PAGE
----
Judicial review under Articles 32 and 226 of the Supreme Court and High Court is part of the basic structure doctrine. These powers cannot be reduced by moving them to administrative tribunals held in L. Chandra Kumar v. Union of India, AIR 1997 SC 1125.
What all has been included in the Basic Feature of the Constitution?
The court has not yet defined basic features or basic structure through any concrete definition. Neither does any law book provide this. However, as the case may be, the Indian Judiciary has, with time, listed some principles of the basic structure of the Constitution – Secularism, Democracy, Federalism, Rule of Law, Separation of Powers, Independence of Judiciary, Sovereignty, parliamentary system, the welfare of the state, judicial review, free and fair elections, etc.
While it is true that the Supreme Court has not rendered a final decision on the subject of the basic structure of the Constitution. This situation is unlikely to evolve in the foreseeable future. It is commonly recognised that the Constitution has a basic structure, but unless a Supreme Court ruling sets it out, it is impossible to know its contents in full.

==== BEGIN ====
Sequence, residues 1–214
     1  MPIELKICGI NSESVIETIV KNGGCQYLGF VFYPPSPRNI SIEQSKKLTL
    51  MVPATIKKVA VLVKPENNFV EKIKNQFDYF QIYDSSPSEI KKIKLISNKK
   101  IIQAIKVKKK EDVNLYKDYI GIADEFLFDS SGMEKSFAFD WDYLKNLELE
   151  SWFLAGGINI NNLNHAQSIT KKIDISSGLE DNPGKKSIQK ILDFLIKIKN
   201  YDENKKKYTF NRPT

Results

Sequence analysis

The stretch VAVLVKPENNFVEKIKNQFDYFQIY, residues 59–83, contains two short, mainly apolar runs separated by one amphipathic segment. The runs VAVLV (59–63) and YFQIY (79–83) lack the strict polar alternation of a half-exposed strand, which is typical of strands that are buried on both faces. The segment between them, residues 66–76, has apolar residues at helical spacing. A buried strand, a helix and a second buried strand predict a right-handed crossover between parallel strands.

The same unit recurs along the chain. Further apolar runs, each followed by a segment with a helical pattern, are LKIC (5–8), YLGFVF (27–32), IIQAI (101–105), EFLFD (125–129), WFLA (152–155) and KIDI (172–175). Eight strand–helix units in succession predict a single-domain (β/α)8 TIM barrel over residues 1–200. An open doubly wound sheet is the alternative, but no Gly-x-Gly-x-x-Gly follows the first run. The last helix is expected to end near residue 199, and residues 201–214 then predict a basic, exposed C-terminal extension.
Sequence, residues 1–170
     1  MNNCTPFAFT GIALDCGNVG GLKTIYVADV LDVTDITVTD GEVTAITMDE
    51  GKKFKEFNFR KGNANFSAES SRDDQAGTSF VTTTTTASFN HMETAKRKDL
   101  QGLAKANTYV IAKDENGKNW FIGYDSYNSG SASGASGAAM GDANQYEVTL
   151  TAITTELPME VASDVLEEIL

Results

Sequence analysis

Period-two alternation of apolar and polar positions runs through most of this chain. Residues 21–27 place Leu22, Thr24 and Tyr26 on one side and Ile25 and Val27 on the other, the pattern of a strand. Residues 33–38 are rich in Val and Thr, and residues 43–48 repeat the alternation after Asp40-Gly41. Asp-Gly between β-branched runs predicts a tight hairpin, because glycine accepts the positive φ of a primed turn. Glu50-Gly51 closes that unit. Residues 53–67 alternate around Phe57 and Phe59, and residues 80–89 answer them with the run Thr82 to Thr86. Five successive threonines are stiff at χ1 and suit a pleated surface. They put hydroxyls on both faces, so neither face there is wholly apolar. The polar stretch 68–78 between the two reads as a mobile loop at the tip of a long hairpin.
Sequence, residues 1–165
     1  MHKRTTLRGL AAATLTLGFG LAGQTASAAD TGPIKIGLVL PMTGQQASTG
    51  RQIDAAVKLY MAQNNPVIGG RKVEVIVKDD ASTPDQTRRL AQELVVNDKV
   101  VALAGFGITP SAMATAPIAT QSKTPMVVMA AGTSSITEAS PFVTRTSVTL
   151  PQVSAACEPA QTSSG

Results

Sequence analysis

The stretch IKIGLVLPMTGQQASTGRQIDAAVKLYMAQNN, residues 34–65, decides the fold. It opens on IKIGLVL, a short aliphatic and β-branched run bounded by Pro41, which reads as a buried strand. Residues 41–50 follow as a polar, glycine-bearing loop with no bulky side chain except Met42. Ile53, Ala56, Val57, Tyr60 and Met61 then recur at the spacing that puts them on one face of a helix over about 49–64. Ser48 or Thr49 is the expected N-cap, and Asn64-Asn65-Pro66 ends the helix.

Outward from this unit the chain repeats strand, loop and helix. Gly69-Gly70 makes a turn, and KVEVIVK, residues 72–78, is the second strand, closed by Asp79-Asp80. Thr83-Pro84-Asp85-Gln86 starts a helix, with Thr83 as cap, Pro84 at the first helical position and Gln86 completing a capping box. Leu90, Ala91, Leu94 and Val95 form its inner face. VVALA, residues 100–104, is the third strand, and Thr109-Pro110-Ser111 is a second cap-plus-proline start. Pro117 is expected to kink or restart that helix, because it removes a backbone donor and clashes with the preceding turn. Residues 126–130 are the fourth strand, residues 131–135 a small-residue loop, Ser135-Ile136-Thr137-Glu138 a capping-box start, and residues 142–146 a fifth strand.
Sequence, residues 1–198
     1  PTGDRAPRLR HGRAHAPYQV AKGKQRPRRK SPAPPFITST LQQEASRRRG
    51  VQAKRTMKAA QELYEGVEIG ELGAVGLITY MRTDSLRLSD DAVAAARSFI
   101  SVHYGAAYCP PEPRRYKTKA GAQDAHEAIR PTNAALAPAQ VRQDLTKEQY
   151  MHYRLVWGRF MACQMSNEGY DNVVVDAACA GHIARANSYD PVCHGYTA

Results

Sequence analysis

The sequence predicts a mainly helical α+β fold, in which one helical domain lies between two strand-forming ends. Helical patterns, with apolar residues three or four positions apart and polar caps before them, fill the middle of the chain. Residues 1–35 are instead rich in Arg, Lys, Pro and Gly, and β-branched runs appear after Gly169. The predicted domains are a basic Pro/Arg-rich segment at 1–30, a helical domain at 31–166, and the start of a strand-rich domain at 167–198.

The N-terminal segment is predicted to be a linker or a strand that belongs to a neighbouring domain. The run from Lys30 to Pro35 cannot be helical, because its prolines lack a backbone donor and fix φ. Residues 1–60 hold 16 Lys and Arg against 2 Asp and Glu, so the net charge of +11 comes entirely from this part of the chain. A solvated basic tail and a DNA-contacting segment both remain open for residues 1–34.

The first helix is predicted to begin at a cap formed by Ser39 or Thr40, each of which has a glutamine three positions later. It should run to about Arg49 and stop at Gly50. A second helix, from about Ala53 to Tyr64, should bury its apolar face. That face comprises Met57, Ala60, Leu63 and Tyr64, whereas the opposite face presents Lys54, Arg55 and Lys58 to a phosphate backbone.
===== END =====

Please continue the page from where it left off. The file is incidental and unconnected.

In the Emergency Era, the theory of the basic structure helped to limit legislative excesses. A whole parliament can resort to misuse of Article 368. Thus this is needed as a safeguard against it. Because of this battle between Parliament and Judiciary, all legislation and constitutional changes are subject to judicial scrutiny, which means that laws that violate the core framework of the Constitution are certain to be struck down. This means that the Supreme Court has the last say and interpretation over any constitutional amendments made by Parliament.
For this reason, it is important to note that in the world’s largest democracy, where conflicting interests and suppression of Fundamental Rights are constantly emerging in the current trends, the framers of our Constitution, including various eminent legal professionals, jurists and researchers, deserve to be praised for their ability to resist the hurdles so directly confronted with new situations of society and protect our Constitution.